The next case demonstrates the steps taken in the treatment of a failing right maxillary central incisor with an immediate implant and immediate provisional. All options were discussed with patient prior to treatment. (Note the 12-month post extraction response of the bone around the implant).
The next case demonstrates extraction of #52 and 62, immediate implant and delayed provisional.
Patient was referred for implants to replace missing #12 and 22 (Figs. 37, 38). The margins of pre-existing crowns revealed unesthetic short clinical crown lengths, (Figs. 40, 41). Pre-op length-width ratios were almost 1:1 instead of a more desirable 1.6:1.0 ratio. With proper treatment planning, it was agreed that crown-lengthening procedures simultaneous with implant placement would achieve a more esthetic final result, (Figs. 42, 43).
The last case will demonstrate how to apply the above concepts to restore a patient back to her original condition after Xerostomia and caries ravaged her natural anterior crown restorations.
Patient presented for loose front left central incisor. Examination revealed drug-induced Xerostomia, moderate to severe caries in teeth #13, 12, 11 and 21 (Figs. 44, 45). Treatment option included attempts to salvage teeth with root canal therapy, crown lengthening procedures and new post core and crown restorations. This option would involve either orthodontic forced eruption procedures or esthetic mutilation of free gingival tissues. Prognosis would still carry high risk for future caries, (Xerostomia) and create poor esthetics or permanent BW violations and inflamed unesthetic crown margins.
Option 2 would involve extraction of #13, 12, 11 and 21 and placement of only two implants. The use of four implants would create serious esthetic complications, including poor papillae form, potential for significant bone loss and difficulties with provisionalization. Furthermore would be almost twice the cost to the patient! Knowing that we can support more tissue around an implant adjacent to a pontic we proposed the following. Extract #13, and 21 with immediately implants in those sites.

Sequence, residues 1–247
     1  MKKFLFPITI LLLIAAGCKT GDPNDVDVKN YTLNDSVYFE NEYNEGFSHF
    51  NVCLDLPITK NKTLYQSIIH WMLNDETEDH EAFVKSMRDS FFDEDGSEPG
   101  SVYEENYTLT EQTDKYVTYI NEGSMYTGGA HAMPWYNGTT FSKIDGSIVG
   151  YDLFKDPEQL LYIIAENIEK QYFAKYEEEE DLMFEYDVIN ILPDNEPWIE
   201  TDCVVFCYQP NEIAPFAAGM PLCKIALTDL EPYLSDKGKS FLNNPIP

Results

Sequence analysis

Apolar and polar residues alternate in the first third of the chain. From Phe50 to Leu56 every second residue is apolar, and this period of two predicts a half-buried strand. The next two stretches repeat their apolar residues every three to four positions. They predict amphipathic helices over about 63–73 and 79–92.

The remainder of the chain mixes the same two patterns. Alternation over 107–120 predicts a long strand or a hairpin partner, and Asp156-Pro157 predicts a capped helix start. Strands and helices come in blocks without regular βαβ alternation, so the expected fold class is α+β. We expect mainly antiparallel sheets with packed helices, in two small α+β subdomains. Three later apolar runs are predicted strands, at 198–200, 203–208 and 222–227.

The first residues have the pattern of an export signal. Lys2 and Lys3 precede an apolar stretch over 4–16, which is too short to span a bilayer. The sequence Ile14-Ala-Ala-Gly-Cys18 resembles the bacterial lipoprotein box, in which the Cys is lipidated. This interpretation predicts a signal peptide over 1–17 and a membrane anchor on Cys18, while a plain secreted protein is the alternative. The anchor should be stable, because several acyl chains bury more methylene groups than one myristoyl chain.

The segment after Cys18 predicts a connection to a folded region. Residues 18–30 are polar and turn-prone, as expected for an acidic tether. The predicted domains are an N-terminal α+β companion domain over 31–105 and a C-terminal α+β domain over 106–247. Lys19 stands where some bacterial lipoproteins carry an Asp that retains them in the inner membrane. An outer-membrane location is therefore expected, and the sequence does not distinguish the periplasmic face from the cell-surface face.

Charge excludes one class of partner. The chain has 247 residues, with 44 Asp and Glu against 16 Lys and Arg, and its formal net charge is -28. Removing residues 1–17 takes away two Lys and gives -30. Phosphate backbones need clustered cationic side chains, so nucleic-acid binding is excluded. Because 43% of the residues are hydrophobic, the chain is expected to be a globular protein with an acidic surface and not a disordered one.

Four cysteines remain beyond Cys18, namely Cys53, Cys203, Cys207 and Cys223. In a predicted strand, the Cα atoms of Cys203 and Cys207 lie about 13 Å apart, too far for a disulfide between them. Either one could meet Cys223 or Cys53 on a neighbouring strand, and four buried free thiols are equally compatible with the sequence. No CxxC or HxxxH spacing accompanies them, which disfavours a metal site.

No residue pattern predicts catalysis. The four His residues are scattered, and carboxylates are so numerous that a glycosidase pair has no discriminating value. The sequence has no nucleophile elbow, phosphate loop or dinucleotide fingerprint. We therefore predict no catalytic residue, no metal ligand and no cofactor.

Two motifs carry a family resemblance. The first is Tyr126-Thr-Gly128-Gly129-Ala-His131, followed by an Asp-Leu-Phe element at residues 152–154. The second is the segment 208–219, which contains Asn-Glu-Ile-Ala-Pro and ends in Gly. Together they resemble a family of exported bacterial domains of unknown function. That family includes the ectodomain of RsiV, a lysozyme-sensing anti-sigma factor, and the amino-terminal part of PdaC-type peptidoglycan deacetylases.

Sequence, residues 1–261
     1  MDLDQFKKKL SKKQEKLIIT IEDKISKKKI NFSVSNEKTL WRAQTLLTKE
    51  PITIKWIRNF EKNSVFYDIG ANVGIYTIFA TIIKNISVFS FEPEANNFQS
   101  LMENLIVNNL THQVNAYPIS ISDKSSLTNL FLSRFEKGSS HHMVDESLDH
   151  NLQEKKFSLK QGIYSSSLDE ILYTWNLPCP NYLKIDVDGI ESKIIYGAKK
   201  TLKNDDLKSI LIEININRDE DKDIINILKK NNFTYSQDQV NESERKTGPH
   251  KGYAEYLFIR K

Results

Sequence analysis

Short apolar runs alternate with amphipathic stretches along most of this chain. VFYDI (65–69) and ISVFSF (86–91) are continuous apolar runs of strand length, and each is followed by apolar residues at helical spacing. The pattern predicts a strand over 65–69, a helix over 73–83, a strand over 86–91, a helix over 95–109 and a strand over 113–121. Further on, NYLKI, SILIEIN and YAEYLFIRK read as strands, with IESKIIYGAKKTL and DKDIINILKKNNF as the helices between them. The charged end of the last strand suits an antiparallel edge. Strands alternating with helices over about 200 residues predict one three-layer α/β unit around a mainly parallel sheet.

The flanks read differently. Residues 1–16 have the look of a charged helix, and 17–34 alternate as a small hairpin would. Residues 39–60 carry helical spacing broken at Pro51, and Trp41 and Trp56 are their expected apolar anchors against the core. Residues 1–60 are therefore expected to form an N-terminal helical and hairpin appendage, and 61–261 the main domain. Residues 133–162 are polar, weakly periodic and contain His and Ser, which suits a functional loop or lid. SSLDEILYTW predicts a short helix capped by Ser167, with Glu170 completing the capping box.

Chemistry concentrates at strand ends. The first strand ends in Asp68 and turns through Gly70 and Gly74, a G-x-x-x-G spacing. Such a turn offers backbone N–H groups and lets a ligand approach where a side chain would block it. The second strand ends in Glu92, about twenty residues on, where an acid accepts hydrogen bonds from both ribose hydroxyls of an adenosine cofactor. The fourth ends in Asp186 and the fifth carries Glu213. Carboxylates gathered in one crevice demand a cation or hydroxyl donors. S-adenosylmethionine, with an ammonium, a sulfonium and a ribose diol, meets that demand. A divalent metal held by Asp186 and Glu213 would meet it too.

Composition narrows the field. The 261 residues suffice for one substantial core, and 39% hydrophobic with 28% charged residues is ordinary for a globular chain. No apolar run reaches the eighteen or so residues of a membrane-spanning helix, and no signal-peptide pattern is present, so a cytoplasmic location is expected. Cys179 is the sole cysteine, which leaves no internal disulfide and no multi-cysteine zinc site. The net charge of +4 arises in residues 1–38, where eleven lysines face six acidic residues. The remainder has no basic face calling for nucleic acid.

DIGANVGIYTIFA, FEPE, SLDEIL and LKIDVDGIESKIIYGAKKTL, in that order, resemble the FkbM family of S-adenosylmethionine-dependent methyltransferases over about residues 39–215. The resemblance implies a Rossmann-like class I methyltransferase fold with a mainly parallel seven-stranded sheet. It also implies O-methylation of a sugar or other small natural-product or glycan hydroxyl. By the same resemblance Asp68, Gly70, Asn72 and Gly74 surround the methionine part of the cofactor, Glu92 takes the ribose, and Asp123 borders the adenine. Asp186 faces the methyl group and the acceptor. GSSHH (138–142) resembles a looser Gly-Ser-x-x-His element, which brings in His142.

Use #12 and 11 as abutments for metal reinforced cantilevered provisional (Figs. 46 and 47). After allowing six months for healing, transition provisional from tooth supported to implant supported, extract #21 and graft socket with non-resorbable biomaterial (Bio Oss) and develop ovate form for future pontic (Figs. 48, 49 & 50-56). It was decided to delay extraction of #12 for two months to allow soft tissue healing and restore blood supply to region and minimize risk of tissue collapse during the healing of the adjacent sockets. Tooth #12 was extracted two months later and grafted with non-resorbable biomaterial (Bio Oss, Fig. 57).
After two additional months of healing, the provisional was removed and impressions taken for final restoration. (Lab work up, final restoration and insert shown below).OH
To see images for this article, please view below references.
Dr. Dr. Domenic Belcastro; BSc, Biochemistry University of Toronto, 1982. DDS University of Toronto, 1986. MSc Department of Oral and Maxillofacial Implant Surgery at Lille University Medical School, France 2010. Associate Clinical Director University of Toronto Mini Residency Cosmetic Dentistry for General Practitioner. Clinical Instructor at The University of Toronto Department of Restorative Dentistry 2012 – 2014. Served on the committee of the RCDSO PLP program. He is an alumnus of the Pankey Institute (Key Biscayne FL.) and author of several scientific articles. Dr. Belcastro has lectured in Canada, the US and UK. He is a member in good standing with numerous academies and associations and maintains a private practice in Toronto, Canada.
Oral Health welcomes this original article.